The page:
Deep Web Technologies worked closely with Data Planet to create the Data Planet Statistical Ready Reference application and later, the Data Planet Related Content application (not referenced with the review). Data Planet Statistical Ready Reference is an Explorit Everywhere! custom user interface that retrieves results via the Data Planet API. Extensive work was done to create a simple UI to search the data, and to present results with accompanying information such as graphs, charts and statistics. To enhance Ready Reference, an additional application, Related Content, was created to perform a Deep Web search for users to research topics beyond the Data Planet database. For example, a Ready Reference Geographical search for “New York”, and a Subject search for “Airports” returns results from only the Data Planet database. Clicking on a result link will take you to a Data Sheet with Sources, Dataset, graphs, charts and Subject Terms. From the Data Sheet, however, you can continue to research your topic by clicking on the Related Content section – News or Scholarly – which opens a federated search application of selected Deep Web resources to retrieve related results.
Data Planet received a composite score of 4 1/8 stars out of 5. Both Data-Planet Statistical Ready Reference and Data-Planet Statistical Datasets were included in the review, which judged Content, User Interface/Searchability, Pricing, and Contract Options. The reviewer, Jennifer Starkey of Oberlin College in Ohio mentions, “Data-Planet rates highly in comparison, with its broad coverage of subjects, focus on time series data, provision of raw data that can be downloaded or viewed using the analytical tools, and the overall number of data sources available.”
This isn’t the first time that the Charleston Advisor has taken a close look at DWT. In 2012, Grace Baysinger, Head Librarian and Bibliographer at the Swain Chemistry and Chemical Engineering Library and Tom Cramer, Chief Technology Strategist at Stanford University Libraries and Academic Information Resources gave Deep Web Technologies a 4 3/8 out of 5 stars, based on their experience with Deep Web Technologies product. We’re still going strong!
Data Planet plans on rolling out improvements to their Data-Planet Statistical Datasets over the next month. See the Data Planet blog to find out more information and where you can see their products in action.
Deep Web Technologies is pleased to announce that we have signed a partnership agreement with SirsiDynix to resell our Explorit Everywhere! TM search
platform. Explorit Everywhere! will complement and enhance the library management technology solutions provided by SirsiDynix to their customers, providing the best solution in the marketplace for library patrons to access all their subscription content together with their holdings from one search box.
SirsiDynix, the world’s leading provider of library automation solutions, serves more than 23,000 public, academic and special libraries around the world. SirsiDynix is well known for their Integrated Library Systems, Symphony and Horizon.
On September 22, 2014, Swets Information Services B.V. filed for bankruptcy which was subsequently accepted by the court in
Amsterdam. The unfortunate announcement of the Swets bankruptcy took DWT by surprise along many others in the library world. However, Swets and DWT are continuing conversations as Swets determines their path forward.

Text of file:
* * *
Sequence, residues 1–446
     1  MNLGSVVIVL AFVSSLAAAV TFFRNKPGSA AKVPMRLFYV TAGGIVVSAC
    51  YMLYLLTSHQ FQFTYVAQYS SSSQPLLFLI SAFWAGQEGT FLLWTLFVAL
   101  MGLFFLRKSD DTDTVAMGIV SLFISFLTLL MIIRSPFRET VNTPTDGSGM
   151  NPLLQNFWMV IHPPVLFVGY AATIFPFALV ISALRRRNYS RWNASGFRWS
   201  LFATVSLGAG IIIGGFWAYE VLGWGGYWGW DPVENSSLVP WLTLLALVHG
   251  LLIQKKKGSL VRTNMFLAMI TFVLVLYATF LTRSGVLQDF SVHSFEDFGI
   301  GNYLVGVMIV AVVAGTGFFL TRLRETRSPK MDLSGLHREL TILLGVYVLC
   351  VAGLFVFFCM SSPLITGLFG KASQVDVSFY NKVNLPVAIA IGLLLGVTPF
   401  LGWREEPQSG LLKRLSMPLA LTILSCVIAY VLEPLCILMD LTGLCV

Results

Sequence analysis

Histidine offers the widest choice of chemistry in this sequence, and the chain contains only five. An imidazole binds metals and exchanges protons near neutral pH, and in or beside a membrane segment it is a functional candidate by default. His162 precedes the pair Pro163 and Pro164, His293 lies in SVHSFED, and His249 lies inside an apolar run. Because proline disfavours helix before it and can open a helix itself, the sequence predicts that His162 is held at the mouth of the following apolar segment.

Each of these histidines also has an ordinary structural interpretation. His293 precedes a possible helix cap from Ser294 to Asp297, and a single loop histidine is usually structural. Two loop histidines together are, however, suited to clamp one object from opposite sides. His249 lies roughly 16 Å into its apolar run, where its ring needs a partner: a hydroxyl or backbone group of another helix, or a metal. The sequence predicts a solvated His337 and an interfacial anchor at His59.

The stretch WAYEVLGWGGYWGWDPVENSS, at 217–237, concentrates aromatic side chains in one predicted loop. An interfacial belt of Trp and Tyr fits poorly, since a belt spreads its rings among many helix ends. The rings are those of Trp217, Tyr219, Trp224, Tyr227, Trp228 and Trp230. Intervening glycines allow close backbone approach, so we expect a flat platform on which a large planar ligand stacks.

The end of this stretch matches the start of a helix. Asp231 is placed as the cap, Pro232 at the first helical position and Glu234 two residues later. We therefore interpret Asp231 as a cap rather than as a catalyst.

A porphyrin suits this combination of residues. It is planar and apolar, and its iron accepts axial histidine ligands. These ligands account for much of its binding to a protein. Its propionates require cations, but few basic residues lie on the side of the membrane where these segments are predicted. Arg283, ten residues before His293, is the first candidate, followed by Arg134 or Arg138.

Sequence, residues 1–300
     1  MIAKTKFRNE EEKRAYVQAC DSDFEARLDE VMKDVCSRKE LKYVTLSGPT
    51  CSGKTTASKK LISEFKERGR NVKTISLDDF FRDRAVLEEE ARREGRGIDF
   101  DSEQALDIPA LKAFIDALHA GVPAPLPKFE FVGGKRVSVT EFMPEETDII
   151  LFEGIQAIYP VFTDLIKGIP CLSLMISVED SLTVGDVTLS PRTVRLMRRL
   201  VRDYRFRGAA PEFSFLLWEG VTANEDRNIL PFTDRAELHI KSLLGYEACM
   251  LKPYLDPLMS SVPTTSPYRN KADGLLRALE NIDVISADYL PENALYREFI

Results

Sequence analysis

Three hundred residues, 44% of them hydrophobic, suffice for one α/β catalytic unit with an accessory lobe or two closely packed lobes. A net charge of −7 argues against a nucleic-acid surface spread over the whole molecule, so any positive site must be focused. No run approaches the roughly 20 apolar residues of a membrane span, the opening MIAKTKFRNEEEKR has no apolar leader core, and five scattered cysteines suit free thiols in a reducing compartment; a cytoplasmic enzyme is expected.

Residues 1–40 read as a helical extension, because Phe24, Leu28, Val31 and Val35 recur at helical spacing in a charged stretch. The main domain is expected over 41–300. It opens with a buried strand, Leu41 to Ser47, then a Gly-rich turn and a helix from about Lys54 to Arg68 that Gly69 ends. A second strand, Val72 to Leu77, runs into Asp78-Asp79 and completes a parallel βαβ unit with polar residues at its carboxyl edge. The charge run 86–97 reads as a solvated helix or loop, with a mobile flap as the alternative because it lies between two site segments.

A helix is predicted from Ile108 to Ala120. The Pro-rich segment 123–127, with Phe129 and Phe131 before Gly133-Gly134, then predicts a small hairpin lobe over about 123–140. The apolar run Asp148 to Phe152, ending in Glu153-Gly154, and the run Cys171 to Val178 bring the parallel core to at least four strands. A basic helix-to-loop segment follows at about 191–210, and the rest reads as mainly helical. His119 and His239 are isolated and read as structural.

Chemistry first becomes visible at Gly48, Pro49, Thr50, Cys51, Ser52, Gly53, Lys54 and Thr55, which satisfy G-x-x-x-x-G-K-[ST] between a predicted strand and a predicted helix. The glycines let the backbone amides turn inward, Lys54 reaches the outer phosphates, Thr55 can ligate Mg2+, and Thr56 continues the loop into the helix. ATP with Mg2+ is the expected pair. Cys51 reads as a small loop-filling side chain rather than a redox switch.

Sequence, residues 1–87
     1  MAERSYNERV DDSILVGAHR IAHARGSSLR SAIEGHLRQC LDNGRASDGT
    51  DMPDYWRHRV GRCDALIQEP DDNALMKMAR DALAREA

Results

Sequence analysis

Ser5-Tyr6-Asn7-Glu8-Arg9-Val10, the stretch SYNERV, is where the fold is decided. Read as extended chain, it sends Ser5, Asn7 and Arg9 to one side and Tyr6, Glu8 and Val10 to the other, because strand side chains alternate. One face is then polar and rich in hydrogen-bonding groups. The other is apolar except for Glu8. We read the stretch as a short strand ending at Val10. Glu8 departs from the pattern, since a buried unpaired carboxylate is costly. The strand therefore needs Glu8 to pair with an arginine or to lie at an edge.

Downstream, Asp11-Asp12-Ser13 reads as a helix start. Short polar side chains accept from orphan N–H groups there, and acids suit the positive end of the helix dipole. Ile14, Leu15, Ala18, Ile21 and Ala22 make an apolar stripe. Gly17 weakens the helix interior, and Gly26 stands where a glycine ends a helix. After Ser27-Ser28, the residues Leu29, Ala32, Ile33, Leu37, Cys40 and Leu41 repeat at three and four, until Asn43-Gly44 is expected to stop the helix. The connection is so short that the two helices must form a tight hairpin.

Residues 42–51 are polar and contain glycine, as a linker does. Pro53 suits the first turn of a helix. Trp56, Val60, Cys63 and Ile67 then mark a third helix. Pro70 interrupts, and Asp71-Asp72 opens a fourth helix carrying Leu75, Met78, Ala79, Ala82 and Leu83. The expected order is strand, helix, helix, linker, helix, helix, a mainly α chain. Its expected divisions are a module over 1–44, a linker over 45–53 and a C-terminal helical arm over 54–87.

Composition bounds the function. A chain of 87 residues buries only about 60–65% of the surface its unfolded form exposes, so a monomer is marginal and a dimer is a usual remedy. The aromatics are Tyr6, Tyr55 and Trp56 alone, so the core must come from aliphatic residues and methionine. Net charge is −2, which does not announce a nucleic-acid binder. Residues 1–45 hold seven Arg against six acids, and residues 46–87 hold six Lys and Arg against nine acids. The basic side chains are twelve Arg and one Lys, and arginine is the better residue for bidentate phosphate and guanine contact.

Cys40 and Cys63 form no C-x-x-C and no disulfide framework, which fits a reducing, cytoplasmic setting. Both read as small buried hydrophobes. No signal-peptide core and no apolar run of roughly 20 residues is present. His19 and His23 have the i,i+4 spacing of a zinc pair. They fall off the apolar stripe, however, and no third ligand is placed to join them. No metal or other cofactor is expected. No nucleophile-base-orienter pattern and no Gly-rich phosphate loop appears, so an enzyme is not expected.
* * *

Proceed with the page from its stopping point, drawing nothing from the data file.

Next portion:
Our partner since 2010, Swets sold Explorit, rebranded as SwetsWise Searcher, to their global markets. By pushing the envelope in service and product knowledge, Swets created many, mutually happy customers.
DWT has been in contact with our Swetswise Searcher customers to ensure that there is no lapse in customer service during this time. While we are working directly with customers, we are closely monitoring what is happening with Swets.
A big congratulations to Reprints Desk, Deep Web Technologies’ Document Delivery Partner who received top ratings in the 2012 Outsell. Document Delivery puts crucial content in information specialists hands allowing a backup model for cancelled subscriptions or incomplete collections. In light of the growing need for Document Delivery services, Outsell conducted a short survey in September 2012.
In the Scorecard, 3 specific categories of Document Delivery were evaluated:
- Depth and breadth of coverage: One of the critical elements of a document delivery supplier’s service is how comprehensive and deep its reach is across subjects. This attribute measures whether or not the content available from the vendor is what the buyer requires.
- Fair pricing: It is typical for buyers to want lower prices. We asked buyers to rate how reasonable (fair) they believe providers’ pricing to be.
- Ease of doing business: Sales staff turnover, company restructuring or acquisition, customer service, and processes or methods that fit the needs of enterprise buyers are factors in the ease of working with vendors.
In all areas, Reprints Desk was the highest rated Document Delivery vendor, scoring 4.4 out of 5 in Overall Satisfaction. “Reprints Desk has penetrated the market since it opened up in 2006, and its reputation for working closely with its customers has won it many fans.”
We’re pleased to be partnering with Reprints Desk, providing our joint customers with a state-of-the-search capability integrated with the best Document Delivery service on the market. Stay tuned for some exciting new enhancements to Article Galaxy Search coming soon.